Article, Defensiveness, Gottman, healing, healthy, help, hope, Listening, relationships
How would you feel if I told you something about yourself that you didn’t want to hear? Maybe it’s a complaint about something you said. Maybe I am angry or hurt about something you did. What would you do?
When this happens to me, I listen attentively and respond with appreciation for the feedback. If it’s appropriate, I try to own it, apologize and seek to make amends.
Ha ha, just kidding. I usually get a little, sometimes a lot, defensive. I try not to. I honestly strive for the ideal response. There’s just that part of me that says, “Shields up! Load torpedoes!”
The thing is, defensiveness is really damaging to relationships. Dr. John Gottman has noted that it’s one of the four relationship killers. If you want to have a healthy thriving relationship, how do you get out of the defensiveness trap?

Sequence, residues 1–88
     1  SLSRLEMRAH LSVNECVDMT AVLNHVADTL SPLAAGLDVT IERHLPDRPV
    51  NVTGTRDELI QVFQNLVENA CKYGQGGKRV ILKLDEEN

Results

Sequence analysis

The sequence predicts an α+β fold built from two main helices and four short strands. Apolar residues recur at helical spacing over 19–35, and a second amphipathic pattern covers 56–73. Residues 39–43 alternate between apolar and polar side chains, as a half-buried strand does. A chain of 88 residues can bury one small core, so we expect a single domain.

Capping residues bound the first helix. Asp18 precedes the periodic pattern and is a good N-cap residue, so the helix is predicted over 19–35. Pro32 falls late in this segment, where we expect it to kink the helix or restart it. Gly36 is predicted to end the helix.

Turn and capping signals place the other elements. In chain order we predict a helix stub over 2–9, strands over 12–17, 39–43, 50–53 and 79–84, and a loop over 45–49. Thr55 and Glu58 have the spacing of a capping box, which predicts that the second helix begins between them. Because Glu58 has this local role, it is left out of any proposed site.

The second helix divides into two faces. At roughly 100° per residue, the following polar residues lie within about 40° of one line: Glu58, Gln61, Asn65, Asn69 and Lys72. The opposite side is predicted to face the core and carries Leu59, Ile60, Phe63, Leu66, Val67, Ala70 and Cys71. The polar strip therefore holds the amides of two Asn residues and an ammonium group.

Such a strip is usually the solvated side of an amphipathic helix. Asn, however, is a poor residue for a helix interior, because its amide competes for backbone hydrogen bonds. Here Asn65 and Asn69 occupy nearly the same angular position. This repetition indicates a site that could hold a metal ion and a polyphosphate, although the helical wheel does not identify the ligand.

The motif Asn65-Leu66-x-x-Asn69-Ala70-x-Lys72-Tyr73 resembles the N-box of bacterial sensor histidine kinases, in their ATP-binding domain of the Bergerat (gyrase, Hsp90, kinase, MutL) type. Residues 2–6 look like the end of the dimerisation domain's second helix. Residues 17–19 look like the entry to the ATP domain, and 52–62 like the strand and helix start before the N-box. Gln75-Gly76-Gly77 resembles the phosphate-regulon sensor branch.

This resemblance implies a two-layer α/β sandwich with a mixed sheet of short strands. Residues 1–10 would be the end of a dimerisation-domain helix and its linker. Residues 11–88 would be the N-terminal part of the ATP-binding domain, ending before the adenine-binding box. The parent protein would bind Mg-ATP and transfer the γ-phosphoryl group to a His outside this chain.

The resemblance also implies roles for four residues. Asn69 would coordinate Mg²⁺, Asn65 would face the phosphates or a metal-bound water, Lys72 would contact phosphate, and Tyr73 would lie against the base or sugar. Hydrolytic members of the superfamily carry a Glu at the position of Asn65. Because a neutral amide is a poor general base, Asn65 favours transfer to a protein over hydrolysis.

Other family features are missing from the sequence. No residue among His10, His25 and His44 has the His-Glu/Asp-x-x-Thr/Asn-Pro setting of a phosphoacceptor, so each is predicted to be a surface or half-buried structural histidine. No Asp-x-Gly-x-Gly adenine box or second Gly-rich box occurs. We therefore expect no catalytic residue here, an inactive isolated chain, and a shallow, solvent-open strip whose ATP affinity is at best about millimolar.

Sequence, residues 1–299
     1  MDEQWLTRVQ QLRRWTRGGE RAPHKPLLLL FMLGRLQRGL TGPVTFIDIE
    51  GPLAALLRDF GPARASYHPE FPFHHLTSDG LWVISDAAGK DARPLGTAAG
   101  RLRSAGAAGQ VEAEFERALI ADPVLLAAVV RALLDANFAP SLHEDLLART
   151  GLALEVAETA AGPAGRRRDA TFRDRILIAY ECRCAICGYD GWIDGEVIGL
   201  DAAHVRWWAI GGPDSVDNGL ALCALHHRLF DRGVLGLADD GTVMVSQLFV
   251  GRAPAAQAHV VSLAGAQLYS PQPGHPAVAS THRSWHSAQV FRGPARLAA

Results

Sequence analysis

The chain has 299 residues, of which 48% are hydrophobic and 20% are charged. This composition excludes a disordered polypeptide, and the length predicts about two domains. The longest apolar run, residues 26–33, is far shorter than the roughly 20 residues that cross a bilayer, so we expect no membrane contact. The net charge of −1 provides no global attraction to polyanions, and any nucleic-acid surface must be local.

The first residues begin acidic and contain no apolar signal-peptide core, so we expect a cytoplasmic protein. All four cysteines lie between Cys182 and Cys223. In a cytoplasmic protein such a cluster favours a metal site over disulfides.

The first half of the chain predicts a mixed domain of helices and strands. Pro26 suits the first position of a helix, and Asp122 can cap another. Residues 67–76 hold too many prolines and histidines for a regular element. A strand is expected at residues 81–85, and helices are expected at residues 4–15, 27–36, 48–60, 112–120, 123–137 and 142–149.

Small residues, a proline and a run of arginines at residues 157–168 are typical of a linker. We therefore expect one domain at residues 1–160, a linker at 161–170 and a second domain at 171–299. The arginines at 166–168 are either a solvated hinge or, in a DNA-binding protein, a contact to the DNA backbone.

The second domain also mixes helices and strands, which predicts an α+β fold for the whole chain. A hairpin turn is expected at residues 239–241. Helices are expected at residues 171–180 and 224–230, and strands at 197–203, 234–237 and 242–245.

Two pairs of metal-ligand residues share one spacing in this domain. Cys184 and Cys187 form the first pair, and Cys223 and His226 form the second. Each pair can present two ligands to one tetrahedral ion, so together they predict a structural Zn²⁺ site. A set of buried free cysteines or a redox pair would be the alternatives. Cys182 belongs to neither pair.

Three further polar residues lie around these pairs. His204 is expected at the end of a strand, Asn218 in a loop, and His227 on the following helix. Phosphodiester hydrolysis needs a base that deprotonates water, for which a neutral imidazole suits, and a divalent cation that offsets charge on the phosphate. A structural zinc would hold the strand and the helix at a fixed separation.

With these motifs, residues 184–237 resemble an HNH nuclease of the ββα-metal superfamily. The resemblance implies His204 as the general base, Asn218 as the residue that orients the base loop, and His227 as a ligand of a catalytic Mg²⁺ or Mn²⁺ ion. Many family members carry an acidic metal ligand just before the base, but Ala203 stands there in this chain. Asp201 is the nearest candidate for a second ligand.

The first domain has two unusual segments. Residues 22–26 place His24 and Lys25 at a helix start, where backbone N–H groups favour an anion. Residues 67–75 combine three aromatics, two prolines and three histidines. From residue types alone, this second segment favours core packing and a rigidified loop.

I found a short article from his group on Listening Without Getting Defensive. I recommend you check it out. Here are a few snippets…
“While it’s important for the speaker to complain without blame and state a positive need to prevent the listener from flooding or responding defensively, it’s also vital for the listener to learn to self-soothe.”
“Dr. Gottman suggests using a notepad to write down everything your partner says, which is especially helpful when you’re feeling defensive. This also helps you remember what was said when you reflect back what you hear or it’s your turn to speak.”
“During tough conversations it’s helpful to focus on your affection and respect for your partner.”
“Remember to postpone your agenda and focus on understanding your partner.”
“Look inward and see what you are telling yourself about what this conflict means and how it may impact you.”
“Ask yourself, Why am I getting defensive? What am I trying to protect? Your partner’s complaint is about their needs, not yours, so soothe your defensiveness so you can be there for them.”
“If your partner is saying something that is triggering, ask them to say it in a different way.”
“Long-lasting love requires courage. The courage to be vulnerable and to listen non-defensively, even in the heat of conflict. Especially when we are hurt and angry.”